In 2007, the Georgia Court of Appeals had to address this question in Pomerance v. Berkshire Life Insurance Company of America. 654 S.E.2d. 638 (2007). Alan Pomerance was an obstetrician/gynecologist with four disability insurance policies from Berkshire. These policies provided own-occupation coverage, meaning that “total disability” was defined as “your inability to perform the material and substantial duties of your occupation.”
Dr. Pomerance’s occupational duties included delivering babies, surgeries, C-sections, office visits, making hospital rounds, and being on call. After being diagnosed with a degenerative knee condition, Dr. Pomerance filed a total disability claim with Berkshire, explaining that he could no longer stand for long period of time, so he couldn’t perform deliveries and hospital surgeries, be on call, or assist in the emergency room. Because of his disability, Dr. Pomerance was forced to restrict his practice solely to wellness office visits, which included patient exams, counseling, nonsurgical care, and minor biopsies, but none of his other former duties.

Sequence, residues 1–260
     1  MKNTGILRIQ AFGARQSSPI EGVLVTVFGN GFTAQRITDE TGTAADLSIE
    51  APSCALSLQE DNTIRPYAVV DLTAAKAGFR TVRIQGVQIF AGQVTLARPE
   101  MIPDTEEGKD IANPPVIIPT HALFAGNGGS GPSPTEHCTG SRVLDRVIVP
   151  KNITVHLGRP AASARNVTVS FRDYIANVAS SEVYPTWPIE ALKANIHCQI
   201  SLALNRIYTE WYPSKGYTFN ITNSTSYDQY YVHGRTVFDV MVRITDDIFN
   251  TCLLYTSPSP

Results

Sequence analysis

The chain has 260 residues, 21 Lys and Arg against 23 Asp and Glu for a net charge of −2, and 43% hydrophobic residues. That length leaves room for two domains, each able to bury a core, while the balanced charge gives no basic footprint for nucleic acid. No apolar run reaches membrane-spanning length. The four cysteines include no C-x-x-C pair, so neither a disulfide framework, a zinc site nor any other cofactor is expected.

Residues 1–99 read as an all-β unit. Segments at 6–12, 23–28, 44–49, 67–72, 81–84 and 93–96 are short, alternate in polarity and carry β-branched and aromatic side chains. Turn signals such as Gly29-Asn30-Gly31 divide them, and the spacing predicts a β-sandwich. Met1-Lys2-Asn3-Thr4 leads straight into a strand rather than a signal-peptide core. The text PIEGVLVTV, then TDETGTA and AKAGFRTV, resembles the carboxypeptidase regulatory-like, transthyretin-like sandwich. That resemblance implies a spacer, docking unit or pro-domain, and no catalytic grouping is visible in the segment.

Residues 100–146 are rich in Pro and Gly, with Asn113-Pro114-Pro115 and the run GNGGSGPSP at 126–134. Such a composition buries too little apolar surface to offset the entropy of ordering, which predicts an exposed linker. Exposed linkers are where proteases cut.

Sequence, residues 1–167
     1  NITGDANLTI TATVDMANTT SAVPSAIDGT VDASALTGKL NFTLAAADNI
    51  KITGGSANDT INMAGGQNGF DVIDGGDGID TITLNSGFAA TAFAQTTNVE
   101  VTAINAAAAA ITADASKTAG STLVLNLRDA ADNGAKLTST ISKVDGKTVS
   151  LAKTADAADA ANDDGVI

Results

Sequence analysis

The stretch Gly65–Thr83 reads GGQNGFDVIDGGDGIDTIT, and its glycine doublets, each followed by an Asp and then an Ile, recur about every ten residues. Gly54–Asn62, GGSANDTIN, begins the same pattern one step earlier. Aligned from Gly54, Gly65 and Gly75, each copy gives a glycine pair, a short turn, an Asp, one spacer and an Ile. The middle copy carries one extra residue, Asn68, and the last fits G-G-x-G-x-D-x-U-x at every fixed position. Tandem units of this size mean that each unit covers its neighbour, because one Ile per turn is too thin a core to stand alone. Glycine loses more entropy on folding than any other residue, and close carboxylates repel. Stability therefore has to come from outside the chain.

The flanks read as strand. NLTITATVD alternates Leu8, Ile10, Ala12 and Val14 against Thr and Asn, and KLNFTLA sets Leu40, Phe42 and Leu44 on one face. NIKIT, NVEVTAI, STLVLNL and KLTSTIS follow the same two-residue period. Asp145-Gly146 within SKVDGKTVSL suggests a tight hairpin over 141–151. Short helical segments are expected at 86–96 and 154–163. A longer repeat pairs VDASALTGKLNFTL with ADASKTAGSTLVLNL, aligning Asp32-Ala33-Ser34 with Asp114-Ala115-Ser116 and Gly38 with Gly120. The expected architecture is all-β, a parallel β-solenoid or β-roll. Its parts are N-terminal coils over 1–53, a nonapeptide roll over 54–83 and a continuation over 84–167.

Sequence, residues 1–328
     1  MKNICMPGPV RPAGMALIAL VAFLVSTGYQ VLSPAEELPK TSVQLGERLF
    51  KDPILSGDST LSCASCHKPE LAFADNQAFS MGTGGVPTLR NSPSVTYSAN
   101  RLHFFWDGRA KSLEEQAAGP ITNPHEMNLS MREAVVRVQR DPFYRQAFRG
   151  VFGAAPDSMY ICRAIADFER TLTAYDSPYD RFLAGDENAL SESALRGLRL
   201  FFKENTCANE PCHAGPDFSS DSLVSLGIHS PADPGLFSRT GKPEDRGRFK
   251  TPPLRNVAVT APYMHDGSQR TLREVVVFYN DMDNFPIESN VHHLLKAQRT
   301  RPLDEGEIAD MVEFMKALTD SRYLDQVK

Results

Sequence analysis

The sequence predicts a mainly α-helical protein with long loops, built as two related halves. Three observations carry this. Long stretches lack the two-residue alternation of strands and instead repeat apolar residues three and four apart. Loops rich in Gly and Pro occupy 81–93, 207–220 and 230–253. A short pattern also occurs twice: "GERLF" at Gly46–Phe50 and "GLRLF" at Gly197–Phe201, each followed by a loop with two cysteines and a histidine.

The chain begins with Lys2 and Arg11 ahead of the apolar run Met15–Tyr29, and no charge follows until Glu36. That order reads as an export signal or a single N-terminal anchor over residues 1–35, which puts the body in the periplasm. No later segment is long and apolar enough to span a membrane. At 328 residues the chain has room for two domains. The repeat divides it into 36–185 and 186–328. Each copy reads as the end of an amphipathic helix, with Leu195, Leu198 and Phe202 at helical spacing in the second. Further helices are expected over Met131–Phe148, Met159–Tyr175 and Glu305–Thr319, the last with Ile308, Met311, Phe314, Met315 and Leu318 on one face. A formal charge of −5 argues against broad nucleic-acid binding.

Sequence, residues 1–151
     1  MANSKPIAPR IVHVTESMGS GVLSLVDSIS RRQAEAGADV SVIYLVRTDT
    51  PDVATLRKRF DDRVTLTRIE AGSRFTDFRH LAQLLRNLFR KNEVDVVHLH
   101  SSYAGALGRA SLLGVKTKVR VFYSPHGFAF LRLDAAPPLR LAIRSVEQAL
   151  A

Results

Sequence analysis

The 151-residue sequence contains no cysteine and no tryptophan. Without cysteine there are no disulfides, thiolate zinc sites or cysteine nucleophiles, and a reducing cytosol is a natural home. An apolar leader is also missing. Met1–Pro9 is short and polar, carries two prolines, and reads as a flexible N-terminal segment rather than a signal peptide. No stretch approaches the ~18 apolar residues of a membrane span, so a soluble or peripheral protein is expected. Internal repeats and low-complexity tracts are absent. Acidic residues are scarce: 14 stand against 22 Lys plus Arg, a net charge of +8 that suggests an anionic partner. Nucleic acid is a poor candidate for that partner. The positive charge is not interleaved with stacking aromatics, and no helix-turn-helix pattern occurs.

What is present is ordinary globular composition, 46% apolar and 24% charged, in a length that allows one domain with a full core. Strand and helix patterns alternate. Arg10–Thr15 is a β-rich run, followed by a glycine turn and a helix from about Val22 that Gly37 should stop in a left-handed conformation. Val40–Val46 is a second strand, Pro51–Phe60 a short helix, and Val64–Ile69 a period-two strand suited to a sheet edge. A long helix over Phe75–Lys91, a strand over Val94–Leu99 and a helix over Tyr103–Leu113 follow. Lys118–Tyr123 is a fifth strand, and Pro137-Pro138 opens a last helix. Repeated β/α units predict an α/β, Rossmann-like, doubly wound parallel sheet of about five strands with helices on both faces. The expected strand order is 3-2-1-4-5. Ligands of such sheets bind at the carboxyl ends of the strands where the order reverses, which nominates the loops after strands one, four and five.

Berkshire declined to pay Dr. Pomerance total disability benefits, arguing that he was only partially disabled because he could still perform one of his “substantial” duties, i.e., office visits. Dr. Pomerance contacted Berkshire and objected to its determination, but Berkshire still refused him total disability benefits. Dr. Pomerance filed suit against Berkshire, claiming breach of contract and bad faith refusal to pay the amounts owed. Continue reading Case Study: What Does “Material and Substantial” Mean?